“Learn How to Do Everything Better” is the tag line you’ll find on Major (Ret.) Don E. Vandergriff’s website. How he transitioned from a 24 year military career in the Marine Corps, Army National Guard and Army as an infantryman and tanker into his business is what we explore on today’s WoW- Words on Wednesdays.
It’s the first of our interviews with this educator and author currently based in Virginia, but hailing from Tennessee. His book, “Raising the Bar” – one of the 5 he’s published, was named #1 to the Cadet Command Mandatory Reading List for 2014. It’s full title is: Raising the Bar: Creating and Nurturing Adaptability to Deal with the Changing Face of War (See Amazon link below)
Vandergriff has devoted most of the last decade working on new learning methodology and training doctrine on how to develop and nurture adaptability into U.S. Army leaders. He has briefed four-star generals and Congressmen as well as the Secretary of the Army.
The adaptability methodology he created is used by US Military Academy, US Army ROTC as well as at the Army Reconnaissance Course (ARC). It is applied at the Army Centers of Excellence and Special Warfare Training Group and Ranger Training Brigade, as well as Law Enforcement.
While serving as professor at Duke and Georgetown University, Vandergriff developed the entire curriculum for the Army ROTC departments. He then persuaded chain of command to allow him to implement and as a result successfully evolve both programs into high performing organizations turning out top cadets nationally.
When he founded Adaptive-leader LLC it was to develop and share innovative approaches in:
- Leader Development
- Education and Training techniques
- Team building
The goals are to impact both military and civilian spheres were decision-making and effective action are concerned. We’ll share more on his ideas about generational change in leader development paradigms in preparing for 21st Century warfare and of the science of creating more effective non-military organizations in upcoming posts.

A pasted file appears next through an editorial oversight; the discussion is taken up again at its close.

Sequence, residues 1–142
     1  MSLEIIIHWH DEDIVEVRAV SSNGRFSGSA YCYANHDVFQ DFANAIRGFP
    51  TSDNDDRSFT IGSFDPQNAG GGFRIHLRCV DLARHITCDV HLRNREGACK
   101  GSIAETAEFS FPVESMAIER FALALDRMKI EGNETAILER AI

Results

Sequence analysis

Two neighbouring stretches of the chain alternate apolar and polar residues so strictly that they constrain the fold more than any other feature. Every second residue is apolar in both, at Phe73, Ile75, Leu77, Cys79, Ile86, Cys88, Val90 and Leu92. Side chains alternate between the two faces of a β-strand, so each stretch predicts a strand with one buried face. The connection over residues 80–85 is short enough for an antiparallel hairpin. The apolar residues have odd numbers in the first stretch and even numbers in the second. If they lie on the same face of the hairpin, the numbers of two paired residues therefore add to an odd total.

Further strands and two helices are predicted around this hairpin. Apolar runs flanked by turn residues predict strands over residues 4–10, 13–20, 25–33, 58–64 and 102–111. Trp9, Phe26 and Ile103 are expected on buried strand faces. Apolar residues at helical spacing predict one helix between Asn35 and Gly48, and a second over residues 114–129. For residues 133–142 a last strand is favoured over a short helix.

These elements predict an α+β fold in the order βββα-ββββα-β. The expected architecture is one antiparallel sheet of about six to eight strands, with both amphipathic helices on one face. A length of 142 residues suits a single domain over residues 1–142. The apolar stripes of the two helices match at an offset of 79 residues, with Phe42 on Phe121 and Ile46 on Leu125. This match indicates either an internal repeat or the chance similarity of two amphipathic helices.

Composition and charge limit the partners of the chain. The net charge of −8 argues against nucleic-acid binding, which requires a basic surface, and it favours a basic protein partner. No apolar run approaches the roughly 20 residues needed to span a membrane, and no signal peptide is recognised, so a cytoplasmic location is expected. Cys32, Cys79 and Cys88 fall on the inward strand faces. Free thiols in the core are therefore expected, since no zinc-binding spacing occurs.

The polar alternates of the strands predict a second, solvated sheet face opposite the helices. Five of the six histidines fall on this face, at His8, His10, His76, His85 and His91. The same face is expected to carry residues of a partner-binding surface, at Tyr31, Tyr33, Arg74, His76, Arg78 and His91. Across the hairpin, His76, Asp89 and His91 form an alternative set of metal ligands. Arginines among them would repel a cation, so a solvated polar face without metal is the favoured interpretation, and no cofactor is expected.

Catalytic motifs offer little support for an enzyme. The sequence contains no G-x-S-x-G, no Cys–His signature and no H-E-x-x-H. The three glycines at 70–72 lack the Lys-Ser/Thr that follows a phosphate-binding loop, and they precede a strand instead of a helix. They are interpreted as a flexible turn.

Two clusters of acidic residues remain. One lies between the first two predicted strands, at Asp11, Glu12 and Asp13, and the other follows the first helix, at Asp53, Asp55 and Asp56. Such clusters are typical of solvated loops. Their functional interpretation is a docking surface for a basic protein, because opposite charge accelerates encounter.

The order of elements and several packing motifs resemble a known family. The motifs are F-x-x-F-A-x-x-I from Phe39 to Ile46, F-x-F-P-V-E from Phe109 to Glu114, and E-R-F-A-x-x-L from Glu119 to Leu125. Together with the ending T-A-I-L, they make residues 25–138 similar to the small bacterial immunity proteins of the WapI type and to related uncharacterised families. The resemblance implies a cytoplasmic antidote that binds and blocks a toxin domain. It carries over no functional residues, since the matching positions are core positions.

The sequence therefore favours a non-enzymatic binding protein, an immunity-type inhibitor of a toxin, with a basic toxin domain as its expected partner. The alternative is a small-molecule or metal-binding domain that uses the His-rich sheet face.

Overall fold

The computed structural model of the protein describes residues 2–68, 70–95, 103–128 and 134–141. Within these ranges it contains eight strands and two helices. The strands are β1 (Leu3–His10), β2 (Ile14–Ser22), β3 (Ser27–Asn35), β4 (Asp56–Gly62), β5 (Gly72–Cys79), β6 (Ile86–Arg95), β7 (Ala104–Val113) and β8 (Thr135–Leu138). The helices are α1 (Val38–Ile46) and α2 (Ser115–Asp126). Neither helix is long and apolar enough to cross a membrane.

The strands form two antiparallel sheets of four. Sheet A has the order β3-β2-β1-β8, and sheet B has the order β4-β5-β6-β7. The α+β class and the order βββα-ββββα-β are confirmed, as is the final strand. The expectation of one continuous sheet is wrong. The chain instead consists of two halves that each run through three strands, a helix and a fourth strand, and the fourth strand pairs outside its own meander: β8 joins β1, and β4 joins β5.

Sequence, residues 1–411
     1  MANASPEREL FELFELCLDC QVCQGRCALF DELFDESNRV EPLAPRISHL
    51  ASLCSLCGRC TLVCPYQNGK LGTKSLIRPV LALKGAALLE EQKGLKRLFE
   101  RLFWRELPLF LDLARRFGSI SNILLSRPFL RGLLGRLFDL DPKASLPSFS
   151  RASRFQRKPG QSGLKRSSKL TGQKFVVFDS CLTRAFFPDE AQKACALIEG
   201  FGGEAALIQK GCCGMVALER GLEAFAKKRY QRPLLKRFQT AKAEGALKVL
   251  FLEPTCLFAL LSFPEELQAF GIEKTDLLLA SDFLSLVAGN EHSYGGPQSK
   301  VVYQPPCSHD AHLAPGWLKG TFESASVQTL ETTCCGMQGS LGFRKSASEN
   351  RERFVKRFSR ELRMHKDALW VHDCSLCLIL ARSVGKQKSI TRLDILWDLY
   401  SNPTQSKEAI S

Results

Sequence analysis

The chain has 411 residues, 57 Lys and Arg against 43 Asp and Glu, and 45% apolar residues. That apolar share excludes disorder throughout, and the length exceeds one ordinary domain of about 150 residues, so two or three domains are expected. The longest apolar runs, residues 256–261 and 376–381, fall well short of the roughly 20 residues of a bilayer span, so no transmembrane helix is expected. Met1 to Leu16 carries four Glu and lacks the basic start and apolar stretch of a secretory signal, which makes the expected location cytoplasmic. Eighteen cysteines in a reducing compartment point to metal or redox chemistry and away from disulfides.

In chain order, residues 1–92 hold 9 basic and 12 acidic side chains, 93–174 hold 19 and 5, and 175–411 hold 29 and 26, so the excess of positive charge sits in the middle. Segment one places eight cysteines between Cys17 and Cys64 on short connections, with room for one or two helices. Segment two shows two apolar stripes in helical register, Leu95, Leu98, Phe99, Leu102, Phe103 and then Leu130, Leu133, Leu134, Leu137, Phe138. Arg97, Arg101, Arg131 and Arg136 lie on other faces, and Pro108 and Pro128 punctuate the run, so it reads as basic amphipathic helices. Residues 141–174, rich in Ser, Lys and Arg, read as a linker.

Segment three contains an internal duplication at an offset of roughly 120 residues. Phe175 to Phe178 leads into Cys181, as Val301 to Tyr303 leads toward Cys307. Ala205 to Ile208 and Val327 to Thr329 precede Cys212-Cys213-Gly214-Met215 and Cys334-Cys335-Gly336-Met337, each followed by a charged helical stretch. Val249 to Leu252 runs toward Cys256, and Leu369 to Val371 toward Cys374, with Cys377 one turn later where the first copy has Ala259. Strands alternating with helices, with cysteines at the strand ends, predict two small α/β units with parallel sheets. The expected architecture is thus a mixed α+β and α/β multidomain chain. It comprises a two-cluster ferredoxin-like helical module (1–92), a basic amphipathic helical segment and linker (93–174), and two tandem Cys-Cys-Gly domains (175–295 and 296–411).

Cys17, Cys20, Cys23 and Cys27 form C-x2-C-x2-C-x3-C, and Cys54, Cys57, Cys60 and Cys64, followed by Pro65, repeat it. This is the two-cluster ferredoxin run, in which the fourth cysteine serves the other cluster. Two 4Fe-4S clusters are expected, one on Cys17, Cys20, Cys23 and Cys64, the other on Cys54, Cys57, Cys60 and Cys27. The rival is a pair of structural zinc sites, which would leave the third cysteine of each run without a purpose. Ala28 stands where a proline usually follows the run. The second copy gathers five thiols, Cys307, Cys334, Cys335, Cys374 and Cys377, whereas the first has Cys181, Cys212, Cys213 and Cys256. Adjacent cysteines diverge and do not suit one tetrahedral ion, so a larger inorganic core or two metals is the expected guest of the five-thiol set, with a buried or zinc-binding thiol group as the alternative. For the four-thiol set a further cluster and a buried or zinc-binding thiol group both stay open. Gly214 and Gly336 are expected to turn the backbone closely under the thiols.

………..and now Don Vandergriff gives MilSuccessNet readers a first glimpse into his work and his writing proceess in his own words…..
Welcome, Sir. Can you tell us how you moved from military man to author, lecturer, trainer and consultant?
I am a retired Army officer, and former Marine.
I got into reform because at one time, I was “fast-tracking” in the Army, and told one too many truths to the powers in place at that time. Got a poor officer evaluation report, all based on me telling the truth in responding to a question. The senior officer did not like the answer I gave him. From that point on, my career was trashed. So, instead of quitting and getting out, which was an early thought, my wife Lorraine told me simply, “Do something about it”.
I loved being a Soldier and a leader. So, it was disheartening to discover that one bad OER like the one I got, for just a three-month period for displaying moral courage, could destroy one’s career. So the writing and researching began.
It began with our personnel management system. Now, it has evolved into cultures and how to develop leaders. More specifically, it’s about how to create and sustain or evolve effective organizations to deal with modern, complex operating environments.
Can you talk a bit about the process of writing for you? Why did you feel this particular book needed to be written?
I am constantly researching about how to do things better, particularly how to develop and enable leaders to make decisive decisions under tough (combat) conditions.
What kind of research pulls you?
I must read 4-5 hours a day, and I am always looking at books covering not only military history but any domain that deals with thinking, learning, how to build teams, how the brain works, etc..